Rachel Hills is changing the way we talk about sex. Through her writing and workshops, she strives to examine cultural narratives about sexuality and how they affect individuals.

On Tuesday night, students gathered in the Resource Center for Sexual and Gender Diversity to participate in a workshop led by Hills, a writer and journalist specializing in issues of gender and sexuality. The event, part of Bowdoin Queer Straight Alliance’s (BQSA) Out Week, was organized by BQSA president Rayne Sampson ’18.

According to Hills, who is based in New York City, the social implications of sexuality are not often discussed in a meaningful way. Having conversations about sex can break the “sex myth,” or disrupt the idea that there are only a few acceptable ways to experience sexuality.

“We have quite a few conversations on this campus around issues of sexuality ... but a lot of those conversations take place from a very heterosexual and sometimes heterosexist frame of mind and from a very cisgender-focused [frame] of mind,” said Sampson. “We talked a lot with Rachel about how we could work to make this particular event really explicitly inclusive for people who don’t identify as heterosexual and cisgender because that’s a demographic that statistically isn’t represented as much as straight, cisgender people are.”

At the workshop, Hills discussed her recently published book, “The Sex Myth,” which explores what she describes as the “invisible norms and unspoken assumptions” surrounding sex.

“My project ... was to write a book that would look at sexuality not just as a biological phenomenon, but as a sociological phenomenon and a political phenomenon,” said Hills. “The aim of this particular workshop is ... giving people a space to think critically about the messages that they’re hearing about sexuality in their lives and in their communities.”

During the workshop, Hills prompted students to write down the messages they receive in their daily lives about the ways they should and should not engage with sex. The group then discussed these messages and the ways in which they are affected by them.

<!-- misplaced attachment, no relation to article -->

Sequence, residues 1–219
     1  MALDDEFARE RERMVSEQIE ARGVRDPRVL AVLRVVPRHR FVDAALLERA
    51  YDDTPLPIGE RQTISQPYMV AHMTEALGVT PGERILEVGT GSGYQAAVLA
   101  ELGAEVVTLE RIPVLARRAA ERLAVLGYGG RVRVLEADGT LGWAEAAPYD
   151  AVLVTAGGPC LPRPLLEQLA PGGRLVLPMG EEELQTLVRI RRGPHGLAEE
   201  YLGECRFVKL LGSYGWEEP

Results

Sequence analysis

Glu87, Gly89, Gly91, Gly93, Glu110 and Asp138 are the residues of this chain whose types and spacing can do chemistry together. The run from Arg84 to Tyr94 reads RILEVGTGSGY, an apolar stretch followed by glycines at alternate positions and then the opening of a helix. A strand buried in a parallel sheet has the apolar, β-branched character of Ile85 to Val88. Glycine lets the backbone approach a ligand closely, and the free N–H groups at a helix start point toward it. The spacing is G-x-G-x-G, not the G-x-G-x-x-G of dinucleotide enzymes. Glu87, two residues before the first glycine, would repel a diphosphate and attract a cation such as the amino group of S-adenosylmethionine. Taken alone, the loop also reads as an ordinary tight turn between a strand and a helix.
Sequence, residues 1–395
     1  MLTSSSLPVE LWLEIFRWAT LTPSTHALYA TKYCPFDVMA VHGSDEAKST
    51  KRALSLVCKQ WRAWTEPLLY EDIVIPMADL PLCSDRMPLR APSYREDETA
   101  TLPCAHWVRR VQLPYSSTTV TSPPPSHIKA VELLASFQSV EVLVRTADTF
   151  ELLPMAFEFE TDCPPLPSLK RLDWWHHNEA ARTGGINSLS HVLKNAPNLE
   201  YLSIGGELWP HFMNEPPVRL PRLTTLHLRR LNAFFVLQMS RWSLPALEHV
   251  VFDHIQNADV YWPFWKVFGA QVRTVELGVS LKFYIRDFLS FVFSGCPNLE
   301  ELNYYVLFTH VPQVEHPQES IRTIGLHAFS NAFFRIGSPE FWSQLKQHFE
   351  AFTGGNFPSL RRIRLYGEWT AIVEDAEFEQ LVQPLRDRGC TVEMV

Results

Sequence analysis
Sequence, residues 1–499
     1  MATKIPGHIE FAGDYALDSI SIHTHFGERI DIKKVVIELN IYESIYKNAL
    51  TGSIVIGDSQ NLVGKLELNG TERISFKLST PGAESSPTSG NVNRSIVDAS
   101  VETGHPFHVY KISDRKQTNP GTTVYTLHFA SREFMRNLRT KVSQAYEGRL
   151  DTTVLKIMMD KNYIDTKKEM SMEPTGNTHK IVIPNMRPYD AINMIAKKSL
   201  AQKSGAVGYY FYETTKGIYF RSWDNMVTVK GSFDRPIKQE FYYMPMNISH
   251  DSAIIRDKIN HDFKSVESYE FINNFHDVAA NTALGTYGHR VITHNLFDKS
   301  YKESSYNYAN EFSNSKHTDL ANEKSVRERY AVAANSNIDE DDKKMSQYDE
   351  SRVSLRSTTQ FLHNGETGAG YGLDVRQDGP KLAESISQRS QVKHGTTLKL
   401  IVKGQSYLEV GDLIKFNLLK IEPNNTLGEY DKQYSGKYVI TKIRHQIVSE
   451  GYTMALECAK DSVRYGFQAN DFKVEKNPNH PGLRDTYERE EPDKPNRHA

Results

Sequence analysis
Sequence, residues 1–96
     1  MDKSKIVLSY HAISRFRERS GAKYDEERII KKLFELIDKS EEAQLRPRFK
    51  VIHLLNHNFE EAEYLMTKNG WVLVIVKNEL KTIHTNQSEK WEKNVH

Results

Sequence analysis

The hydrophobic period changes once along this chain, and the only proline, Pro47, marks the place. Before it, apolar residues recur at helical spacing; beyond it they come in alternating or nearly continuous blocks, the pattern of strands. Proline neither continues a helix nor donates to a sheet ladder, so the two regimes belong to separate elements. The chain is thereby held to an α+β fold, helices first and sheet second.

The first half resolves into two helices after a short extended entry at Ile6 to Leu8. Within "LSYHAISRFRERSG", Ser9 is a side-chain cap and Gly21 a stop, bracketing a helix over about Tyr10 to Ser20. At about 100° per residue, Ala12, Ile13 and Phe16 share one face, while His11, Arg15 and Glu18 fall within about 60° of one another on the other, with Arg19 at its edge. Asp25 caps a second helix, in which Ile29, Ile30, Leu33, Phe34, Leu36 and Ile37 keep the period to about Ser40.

“Not every person I interviewed felt abnormal or undesirable or defective when it came to their sex lives, but quite a lot of the people I interviewed had felt that way at some point in their lives,” said Hills. “And that’s not just because we live in a society that ... gives us a kind of narrow set of parameters of how we’re supposed to engage with sex. It’s also because we live in a society that tells us that conforming to those parameters is really, really important—that it’s something that makes or breaks our identity or our value as people.”

The goal of Hills’ workshop was two-fold. She hoped that students would leave with a greater sense of peace concerning their own sexual histories and an understanding that they are not alone, even when they perceive their experiences as abnormal. She also hoped to leave students with a greater sense of compassion for people whose experiences are different from their own.

After participating in Hills’ workshop, Maxx Byron ’19 expressed a desire to apply what he had learned to his leadership of The Sex Project. In the future, he hopes to discuss sex from a sociological perspective rather than a solely biological one.

Hills stressed the importance of ongoing conversation. 

“I think that [continuing conversations about sex is] important because there is so much misinformation out there around sex,” she said. “I think that having those conversations and having them on an ongoing basis can disrupt that idea that there is one or just a small handful of acceptable ways to engage with sexuality.”